Computing can waste time, but sometimes it's fun

HOME COMPUTING

January 25, 1993|By MICHAEL J. HIMOWITZ

Do you ever get annoyed at how much time you spend fooling with your PC, trying to get something to work?

You're not alone. According to a study by STB Accounting Systems, a Sausalito, Calif., software publisher, the average PC user spends 5.1 hours a week "futzing" with his or her computer.

Futzing, by the way, is defined as "unproductive time spent tinkering with computer software." The report itself is entitled "The PC Futz Factor."

Extrapolating the survey results to the nation as a whole, the folks at STB concluded that 25 million PC users spend 5 billion hours a year futzing with their computers, at an estimated cost to American business of $100 billion.

Worse yet, STB's figures don't include time spent hardware futzing (try installing a new video board if you really want to kill a few hours).

Before you start writing anguished letters to your congressman, consider that this survey was conducted as much for its entertainment value as for its statistical accuracy. It involved a "self-selecting" sample, which means users had to return a questionnaire to be included. This tends to skew the sample toward the crazies.

But even if the results are skewed, let's say by a factor of five, there's still an incredible amount of futzing going on.

According to the survey, the biggest chunk of futzing time involved waiting -- for programs to run, for reports to print out, or for technical support types who put you on indefinite hold. The next biggest waste was the time people spend checking their reports and charts to make sure they look pretty -- something that just didn't happen when the only thing we had was a Selectric typewriter.

The scary thing is that the report doesn't document in any detail the amount of time people voluntarily spend futzing. Tinkering. Tweaking. Just playing with their computers for the sake of playing with them.

Let's face it folks, the computer is one of the world's greatest toys. You couldn't have much fun with the old Selectric, but today, the same gadget that produced this month's sales report can also transport you to the world of Leisure Suit Larry in the Land of the Lounge Lizards.

Even more insidious is the opportunity that today's software gives you to play little games with the way your computer looks and operates. Publishers have even developed a new term for this genre: "Utilitainment."

This mongrelization combines entertainment with utility. Utility programs used to be little pieces of code that improved the performance of your computer: fast file copiers and viewers, directory managers, printer controllers and other basic stuff.

But thanks to Microsoft Windows -- the graphical environment that replaces all those nasty commands no one can remember with a picture of a desktop and cute little icons representing your programs and files -- utility software has run wonderfully amok.

Consider IconMakeIt, from Moon Valley Software, the latest in a series of programs designed to do perverted things to the icons on your desktop. By using the slick utility programs in this $49.95 package, you can replace the stodgy little pictures of word processors, telephones, printers and spreadsheets that come with your software with really neat stuff, such as tap-dancing California raisins that sing the Hallelujah Chorus when you click your mouse button on them.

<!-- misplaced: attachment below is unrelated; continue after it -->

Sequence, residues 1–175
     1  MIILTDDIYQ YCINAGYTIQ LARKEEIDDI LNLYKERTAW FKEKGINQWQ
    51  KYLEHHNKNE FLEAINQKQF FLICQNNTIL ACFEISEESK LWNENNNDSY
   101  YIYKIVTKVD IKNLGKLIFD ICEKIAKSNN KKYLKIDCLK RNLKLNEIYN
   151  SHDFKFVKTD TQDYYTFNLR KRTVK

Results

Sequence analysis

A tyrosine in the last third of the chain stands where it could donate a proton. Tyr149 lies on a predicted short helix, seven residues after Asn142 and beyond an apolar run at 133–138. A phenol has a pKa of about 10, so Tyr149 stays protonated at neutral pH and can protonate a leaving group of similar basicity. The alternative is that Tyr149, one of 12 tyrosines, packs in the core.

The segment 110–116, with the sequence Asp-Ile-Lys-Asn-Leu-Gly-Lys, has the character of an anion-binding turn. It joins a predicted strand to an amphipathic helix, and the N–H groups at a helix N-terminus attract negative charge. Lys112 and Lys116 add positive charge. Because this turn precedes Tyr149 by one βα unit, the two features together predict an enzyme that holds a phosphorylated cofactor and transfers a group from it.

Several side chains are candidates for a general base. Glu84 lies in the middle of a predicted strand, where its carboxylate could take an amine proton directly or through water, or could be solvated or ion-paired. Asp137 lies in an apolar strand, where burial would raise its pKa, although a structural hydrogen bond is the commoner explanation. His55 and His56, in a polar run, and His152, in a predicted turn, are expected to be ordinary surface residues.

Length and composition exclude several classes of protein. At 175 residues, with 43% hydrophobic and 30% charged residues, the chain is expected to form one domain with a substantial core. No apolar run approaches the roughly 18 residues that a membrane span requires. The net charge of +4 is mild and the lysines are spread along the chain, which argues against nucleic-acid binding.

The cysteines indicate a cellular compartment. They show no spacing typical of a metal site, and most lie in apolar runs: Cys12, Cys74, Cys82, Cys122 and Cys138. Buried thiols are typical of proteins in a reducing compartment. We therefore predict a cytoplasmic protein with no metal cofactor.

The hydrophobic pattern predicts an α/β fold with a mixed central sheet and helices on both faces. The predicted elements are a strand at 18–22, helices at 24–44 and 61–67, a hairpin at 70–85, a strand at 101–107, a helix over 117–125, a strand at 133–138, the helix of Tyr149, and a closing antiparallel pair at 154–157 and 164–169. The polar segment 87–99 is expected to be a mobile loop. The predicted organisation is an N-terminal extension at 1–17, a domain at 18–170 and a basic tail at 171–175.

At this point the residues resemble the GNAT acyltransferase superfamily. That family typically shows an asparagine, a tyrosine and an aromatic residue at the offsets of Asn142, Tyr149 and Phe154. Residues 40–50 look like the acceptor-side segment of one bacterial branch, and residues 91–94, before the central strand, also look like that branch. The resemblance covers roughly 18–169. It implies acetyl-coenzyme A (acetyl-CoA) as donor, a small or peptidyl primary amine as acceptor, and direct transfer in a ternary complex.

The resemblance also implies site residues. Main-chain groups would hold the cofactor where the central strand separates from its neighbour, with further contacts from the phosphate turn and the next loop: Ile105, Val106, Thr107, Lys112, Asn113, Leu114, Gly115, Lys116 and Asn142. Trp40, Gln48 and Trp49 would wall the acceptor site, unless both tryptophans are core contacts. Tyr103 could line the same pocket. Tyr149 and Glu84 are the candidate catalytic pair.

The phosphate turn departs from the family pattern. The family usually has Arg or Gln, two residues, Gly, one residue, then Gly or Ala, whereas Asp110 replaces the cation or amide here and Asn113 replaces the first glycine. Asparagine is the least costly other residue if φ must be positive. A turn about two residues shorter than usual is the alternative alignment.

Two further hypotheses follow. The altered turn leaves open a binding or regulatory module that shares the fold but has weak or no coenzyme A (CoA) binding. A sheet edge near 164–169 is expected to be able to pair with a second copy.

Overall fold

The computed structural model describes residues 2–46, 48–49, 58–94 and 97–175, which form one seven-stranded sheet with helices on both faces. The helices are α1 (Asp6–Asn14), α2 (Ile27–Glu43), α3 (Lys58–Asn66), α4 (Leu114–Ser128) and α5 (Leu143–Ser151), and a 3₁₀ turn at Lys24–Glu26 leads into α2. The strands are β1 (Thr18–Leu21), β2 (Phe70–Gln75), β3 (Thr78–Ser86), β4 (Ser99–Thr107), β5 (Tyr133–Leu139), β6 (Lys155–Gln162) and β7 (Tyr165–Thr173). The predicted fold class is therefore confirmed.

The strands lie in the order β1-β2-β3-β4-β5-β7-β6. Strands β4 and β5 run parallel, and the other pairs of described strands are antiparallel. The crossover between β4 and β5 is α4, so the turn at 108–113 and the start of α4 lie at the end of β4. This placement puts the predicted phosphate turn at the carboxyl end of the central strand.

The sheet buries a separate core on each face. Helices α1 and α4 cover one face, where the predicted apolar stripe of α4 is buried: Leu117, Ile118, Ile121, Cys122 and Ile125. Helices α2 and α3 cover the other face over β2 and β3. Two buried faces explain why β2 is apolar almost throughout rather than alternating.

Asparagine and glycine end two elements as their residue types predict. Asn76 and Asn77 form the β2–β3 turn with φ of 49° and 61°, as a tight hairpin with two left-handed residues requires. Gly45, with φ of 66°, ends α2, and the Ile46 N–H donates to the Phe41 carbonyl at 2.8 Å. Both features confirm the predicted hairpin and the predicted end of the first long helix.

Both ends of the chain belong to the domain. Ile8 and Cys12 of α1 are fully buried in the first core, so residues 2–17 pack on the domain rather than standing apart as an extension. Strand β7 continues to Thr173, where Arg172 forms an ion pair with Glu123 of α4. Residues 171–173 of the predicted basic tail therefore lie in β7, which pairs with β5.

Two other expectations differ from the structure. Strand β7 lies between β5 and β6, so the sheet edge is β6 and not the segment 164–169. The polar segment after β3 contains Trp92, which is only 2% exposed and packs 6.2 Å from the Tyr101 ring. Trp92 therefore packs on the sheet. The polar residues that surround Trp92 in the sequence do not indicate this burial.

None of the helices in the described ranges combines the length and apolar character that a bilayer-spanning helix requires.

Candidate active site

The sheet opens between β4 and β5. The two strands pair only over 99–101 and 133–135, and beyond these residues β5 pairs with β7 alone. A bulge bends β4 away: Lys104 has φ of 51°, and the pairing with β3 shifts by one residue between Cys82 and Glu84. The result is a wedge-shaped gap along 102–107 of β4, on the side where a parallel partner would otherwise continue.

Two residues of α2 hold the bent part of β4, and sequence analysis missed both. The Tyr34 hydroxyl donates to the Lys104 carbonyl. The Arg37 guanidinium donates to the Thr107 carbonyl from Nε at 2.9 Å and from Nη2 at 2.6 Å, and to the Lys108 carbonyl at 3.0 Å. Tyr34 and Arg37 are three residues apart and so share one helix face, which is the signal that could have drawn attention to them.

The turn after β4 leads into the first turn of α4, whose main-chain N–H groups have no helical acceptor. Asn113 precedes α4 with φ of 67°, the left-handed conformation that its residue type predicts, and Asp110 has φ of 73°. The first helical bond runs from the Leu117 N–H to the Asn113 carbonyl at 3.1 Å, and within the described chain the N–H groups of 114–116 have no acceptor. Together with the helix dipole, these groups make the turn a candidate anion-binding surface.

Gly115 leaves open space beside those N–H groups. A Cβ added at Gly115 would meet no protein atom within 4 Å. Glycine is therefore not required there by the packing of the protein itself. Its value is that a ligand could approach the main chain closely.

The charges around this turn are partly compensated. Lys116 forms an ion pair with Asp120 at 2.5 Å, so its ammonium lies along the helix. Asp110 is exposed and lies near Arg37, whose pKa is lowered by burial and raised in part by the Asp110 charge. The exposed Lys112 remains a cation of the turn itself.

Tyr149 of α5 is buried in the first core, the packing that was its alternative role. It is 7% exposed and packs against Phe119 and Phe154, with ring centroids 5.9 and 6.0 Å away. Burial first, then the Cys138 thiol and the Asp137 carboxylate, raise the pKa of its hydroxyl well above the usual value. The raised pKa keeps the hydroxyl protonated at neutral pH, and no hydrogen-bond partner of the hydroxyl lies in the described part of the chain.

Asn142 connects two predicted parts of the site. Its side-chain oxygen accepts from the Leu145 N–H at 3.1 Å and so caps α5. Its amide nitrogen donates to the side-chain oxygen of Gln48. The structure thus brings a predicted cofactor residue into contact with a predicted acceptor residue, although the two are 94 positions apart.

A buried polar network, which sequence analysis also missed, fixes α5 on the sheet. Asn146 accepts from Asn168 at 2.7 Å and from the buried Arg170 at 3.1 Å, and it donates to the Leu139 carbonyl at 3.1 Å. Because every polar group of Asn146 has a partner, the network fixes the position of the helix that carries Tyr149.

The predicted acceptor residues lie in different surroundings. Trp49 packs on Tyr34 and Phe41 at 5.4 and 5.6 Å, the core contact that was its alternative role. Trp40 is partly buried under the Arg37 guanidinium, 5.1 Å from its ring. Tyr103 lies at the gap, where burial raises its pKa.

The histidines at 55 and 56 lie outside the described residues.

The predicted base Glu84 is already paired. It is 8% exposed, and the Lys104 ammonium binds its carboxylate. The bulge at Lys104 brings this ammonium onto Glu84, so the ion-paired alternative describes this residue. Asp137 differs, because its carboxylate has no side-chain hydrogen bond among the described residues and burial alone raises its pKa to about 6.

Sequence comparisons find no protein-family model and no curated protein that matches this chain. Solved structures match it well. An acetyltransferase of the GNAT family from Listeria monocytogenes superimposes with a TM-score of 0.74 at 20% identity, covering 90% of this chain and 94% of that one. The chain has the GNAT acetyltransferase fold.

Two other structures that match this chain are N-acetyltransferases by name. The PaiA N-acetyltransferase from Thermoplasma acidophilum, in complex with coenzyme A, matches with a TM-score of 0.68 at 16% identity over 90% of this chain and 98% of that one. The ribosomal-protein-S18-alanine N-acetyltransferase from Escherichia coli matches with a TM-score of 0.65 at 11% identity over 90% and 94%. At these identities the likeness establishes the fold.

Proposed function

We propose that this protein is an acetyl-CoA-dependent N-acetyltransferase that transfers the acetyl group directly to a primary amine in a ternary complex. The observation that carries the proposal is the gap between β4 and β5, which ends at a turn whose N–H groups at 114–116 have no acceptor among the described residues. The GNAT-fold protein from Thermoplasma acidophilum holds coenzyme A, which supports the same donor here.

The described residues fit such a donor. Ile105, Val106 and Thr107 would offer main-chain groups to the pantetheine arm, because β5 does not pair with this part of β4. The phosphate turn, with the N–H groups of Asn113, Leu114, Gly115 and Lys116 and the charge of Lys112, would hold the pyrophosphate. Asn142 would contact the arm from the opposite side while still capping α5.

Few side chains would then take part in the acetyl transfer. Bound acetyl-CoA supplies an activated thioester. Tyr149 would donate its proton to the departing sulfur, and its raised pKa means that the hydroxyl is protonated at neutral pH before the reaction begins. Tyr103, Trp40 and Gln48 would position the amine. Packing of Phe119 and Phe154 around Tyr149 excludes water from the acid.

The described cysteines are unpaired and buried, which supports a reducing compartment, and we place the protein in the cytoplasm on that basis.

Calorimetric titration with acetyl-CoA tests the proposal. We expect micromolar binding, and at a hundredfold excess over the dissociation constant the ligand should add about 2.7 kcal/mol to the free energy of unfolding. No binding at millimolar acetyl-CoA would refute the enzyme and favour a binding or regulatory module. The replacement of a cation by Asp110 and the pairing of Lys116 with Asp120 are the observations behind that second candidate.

There's a well-designed icon editor, a mini-graphics program that lets you draw and modify the tiny icons; an animation studio, which lets you string together a series of icons into a mini-movie that brings your icons to life; and an on-screen taping system that allows you to record sounds (if you have a sound board) and assign them to an icon as well as to various Windows functions such as dialog boxes, cancel buttons and help files.

And if you don't like the standard arrow, I-Bar and hourglass cursors that Windows uses, you can replace them, too. Who wouldn't love having a kangaroo that jumps around the screen instead of a dreary old I-Bar to mark your place in your spreadsheet?

There's a ready-made library of icons, animations, sounds and cursors. You can use them as they are, modify them, or make your own. You don't even need a sound board to play the sound files that come with the program, although the quality of the PC's speaker leaves something to be desired.

If IconMakeIt doesn't waste enough time, you can pick up the silliest single program I've seen in years -- the Energizer Bunny, from PC Dynamics. You're undoubtedly familiar with the little character who marches across the TV screen in those Eveready battery commercials, beating his drum.

This $24.95 utility puts the animated bunny on your computer screen, where he pops up from time to time, struts his stuff, turns and says, "Still Going!" and marches off the screen, leaving you exactly where you were in your program.

You also get a variety of Energizer Bunny "wallpaper" files, which you can set up as the background of your desktop, and Bunny screen savers, which take over your display if you don't touch the keyboard or mouse for a while.

With programs like these to futz with, it's a wonder that anybody gets anything useful done. If you enjoy fooling with your computer, they're winners. If you're paying people who like to fool with programs like these, you'll put a contract out on the software publishers.

For information, contact Moon Valley Software, 21608 N. 20th Ave., Phoenix, Ariz. 85027; and PC Dynamics, 31332 Via Colinas, Suite 102, Westlake Village, Calif. 91362.

(Michael J. Himowitz is a columnist for The Baltimore Sun.)

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